It seems to be the 'Anything Goes' season in India this week -- if you are in a position of power where you can, with some panache associated with the Queen in Alice's fabled Wonderland, tell people at whim what they can or won't do.
If there is a sitting Union minister, who is exhorting crowds at a ruling party's rally to shoot those whom he calls traitors (and seems to inspire a pistol shooter within days), there are four airlines overreacting to a stand-up comedian gently trolling a ferocious TV news anchor on board a flight by banning him on air for a while. This flight of fancy is conducted by the Union Aviation Minister -- even as the pilot, who should have been the best judge of the situation, writes a long e-mail informing us that what the comedian did is not, strictly speaking, a case of unruly behaviour.
But political bullying can even assume noble tones of being above politics while actually being located right below partisan noses when a venerable institution of art and culture tells a musician that its premises will not be available for his book that salutes Christian drum makers in a predominantly Hindu tradition of classical music because it has "political overtones."
Chennai's Kalakshetra has forced Magsaysay award-winning T.M. Krishna to shift the venue of the release of his book 'Sebastian & Sons' to the Asian College of Journalism. But we must doff our hats to Kalakshetra's director Revathi Ramachandran for at least being overt and articulate in stating the reasons for her "off-with-this-book" policy. Her letter clearly states her body is an autonomous one under the government and also mentions the reason for her revoking permission for the book release as one stemming from political tones in the book that focuses on Dalits and Christians in a Brahmin-dominated music scene.
“Being a government organisation, it cannot allow any programme that may instigate political, cultural and social disharmony,” Ms. Ramachandran's statement read.
Here's the problem. Even if the book indeed had some strands of controversy, is it not legitimate to discuss it in a democracy? Does the government confuse democracy, debate or dissent with something illegal or unethical? If the government did indeed tell the Kalakshetra what to do, the institution is hardly autonomous. If it did not, it is evidently a case of overreaction in line with the political mood of the month to shoot traitors and ban comedians from flights. The Wonder that was India is now officially the Wonderland that is India.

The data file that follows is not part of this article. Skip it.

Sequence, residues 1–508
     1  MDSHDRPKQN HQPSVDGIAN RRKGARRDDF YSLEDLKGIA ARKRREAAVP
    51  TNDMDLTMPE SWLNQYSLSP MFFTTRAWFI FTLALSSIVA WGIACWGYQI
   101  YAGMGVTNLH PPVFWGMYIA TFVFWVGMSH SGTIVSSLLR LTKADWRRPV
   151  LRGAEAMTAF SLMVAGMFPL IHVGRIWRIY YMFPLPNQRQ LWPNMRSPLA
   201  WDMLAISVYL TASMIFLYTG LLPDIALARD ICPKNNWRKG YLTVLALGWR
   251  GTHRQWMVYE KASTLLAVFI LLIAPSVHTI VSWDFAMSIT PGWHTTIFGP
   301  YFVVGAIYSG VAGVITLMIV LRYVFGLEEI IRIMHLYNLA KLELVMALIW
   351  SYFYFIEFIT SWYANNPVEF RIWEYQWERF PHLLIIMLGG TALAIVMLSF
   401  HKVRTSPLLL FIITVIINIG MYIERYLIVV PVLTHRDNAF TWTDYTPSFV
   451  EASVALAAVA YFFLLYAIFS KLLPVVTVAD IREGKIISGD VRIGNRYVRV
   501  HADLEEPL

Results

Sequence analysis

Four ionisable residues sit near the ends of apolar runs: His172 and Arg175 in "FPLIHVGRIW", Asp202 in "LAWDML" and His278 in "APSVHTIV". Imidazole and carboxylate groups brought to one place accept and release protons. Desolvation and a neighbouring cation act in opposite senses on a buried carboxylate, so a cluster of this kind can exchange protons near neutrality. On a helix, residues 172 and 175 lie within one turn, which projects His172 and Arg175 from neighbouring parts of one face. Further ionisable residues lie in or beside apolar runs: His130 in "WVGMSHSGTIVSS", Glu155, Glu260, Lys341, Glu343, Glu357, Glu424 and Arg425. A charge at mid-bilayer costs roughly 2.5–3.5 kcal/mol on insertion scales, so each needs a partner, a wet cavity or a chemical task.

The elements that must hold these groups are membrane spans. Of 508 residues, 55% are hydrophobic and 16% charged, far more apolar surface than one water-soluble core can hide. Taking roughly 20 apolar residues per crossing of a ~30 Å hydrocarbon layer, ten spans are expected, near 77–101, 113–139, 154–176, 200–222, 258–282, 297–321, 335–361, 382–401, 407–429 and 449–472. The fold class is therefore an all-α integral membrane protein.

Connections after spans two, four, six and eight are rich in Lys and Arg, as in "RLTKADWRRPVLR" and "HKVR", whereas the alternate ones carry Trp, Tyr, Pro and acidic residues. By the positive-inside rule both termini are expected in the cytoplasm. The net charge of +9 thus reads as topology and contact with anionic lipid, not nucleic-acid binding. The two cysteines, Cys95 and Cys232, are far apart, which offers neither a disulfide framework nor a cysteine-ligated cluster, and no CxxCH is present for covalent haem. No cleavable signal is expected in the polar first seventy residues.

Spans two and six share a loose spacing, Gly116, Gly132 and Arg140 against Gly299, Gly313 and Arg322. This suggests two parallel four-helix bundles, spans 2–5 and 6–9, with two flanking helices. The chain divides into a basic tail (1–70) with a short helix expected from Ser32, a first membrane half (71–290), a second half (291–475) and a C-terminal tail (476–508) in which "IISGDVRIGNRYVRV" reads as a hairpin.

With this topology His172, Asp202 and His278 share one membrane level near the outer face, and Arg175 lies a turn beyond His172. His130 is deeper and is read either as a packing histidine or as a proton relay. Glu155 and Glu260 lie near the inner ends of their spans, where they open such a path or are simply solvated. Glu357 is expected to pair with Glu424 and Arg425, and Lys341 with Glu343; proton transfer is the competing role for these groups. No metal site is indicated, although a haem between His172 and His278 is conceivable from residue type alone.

Ironies come easy these days. Not so long ago, we had the Nehru Memorial Museum & Library in New Delhi hosting the release of a hagiographic book on Veer Damodar Savarkar, the chief originator of the right-wing Hindutva ideology, with no less than vice-president Venkaiah Naidu as chief guest. Incidentally, a lecture on Savarkar by the same author is scheduled to be held at the Nehru Memorial on February 20.
A decade ago, the same venue hosted the launch of BJP leader Jaswant Singh's controversial and somewhat charitable book on Jinnah (Nehru's biggest political rival) -- when the Congress-led UPA was in power.
Irony should have drowned itself in the Yamuna, but then secularist Nehru believed in democratic debates. We assure you that the Nehru Memorial, a government organisation currently trying to change the character of the institution, just like it is overhauling the central vista of New Delhi.
If the Nehru Memorial can host the release of books on Jinnah and Savarkar, Nehru's chief ideological baiters, why cannot Kalakshetra allow discussions on social inequities in Carnatic music or allied fields? The ostrich-like stance of denying Krishna's book an opportunity to be placed in the public discourse in the charmed circles only confirms less charitable beliefs about Kalakshetra being just an upper-class, upper-caste space for genteel feudalism.
Now, consider the fact that the Preamble to the Indian Constitution promises "Justice, Social, Economic and Political" followed by "Liberty, of thought, expression, belief, faith and worship" and "Equality of status and opportunity".
As it happens, Kalakshetra's prohibition stopped the second one among these (liberty of expression) to stand in the way of a book release discussing the first (social justice) by invoking the third (equality of status).
But then, this is the season in which the cultural has become undesirably political when it happens to be constitutional. The week in which the Republic Day is followed by the anniversary of the martyrdom of the leader of its independence movement is the perfect setting for such irony and/or black humour.
(The writer is a senior journalist and commentator who has worked for Reuters, Business Standard, Hindustan Times and The Economic Times. He tweets as @madversity. Views expressed are personal.)
For in-depth, objective and more importantly balanced journalism, Click here to subscribe to Outlook Magazine